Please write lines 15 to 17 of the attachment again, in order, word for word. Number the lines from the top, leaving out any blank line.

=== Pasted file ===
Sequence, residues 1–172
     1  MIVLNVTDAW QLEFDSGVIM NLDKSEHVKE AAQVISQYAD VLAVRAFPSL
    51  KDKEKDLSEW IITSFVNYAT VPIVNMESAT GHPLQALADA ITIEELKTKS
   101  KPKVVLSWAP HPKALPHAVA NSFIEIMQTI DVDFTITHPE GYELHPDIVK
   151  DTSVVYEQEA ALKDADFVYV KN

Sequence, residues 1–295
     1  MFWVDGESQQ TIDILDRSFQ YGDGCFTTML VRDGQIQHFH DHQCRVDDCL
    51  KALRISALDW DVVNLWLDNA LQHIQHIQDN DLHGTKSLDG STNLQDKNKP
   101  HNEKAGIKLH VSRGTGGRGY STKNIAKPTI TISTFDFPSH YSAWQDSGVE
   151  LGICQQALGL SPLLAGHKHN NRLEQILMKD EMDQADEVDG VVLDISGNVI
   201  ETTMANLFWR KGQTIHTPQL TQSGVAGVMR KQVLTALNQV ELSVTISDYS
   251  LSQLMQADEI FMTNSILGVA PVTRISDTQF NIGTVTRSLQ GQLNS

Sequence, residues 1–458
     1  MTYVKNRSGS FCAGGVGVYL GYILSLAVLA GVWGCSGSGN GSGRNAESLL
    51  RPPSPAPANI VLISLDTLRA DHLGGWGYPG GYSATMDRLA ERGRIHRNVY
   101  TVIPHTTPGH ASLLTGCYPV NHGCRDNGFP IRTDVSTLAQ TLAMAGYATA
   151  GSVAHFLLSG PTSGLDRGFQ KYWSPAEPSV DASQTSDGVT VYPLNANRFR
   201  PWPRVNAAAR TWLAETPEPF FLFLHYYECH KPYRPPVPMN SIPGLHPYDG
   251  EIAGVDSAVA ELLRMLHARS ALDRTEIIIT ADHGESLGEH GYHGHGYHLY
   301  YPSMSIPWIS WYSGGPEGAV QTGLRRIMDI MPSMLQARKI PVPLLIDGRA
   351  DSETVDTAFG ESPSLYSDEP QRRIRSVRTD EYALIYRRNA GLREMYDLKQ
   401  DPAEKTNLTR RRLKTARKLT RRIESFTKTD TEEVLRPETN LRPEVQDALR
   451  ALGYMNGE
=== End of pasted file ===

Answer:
    51  RPPSPAPANI VLISLDTLRA DHLGGWGYPG GYSATMDRLA ERGRIHRNVY
   101  TVIPHTTPGH ASLLTGCYPV NHGCRDNGFP IRTDVSTLAQ TLAMAGYATA
   151  GSVAHFLLSG PTSGLDRGFQ KYWSPAEPSV DASQTSDGVT VYPLNANRFR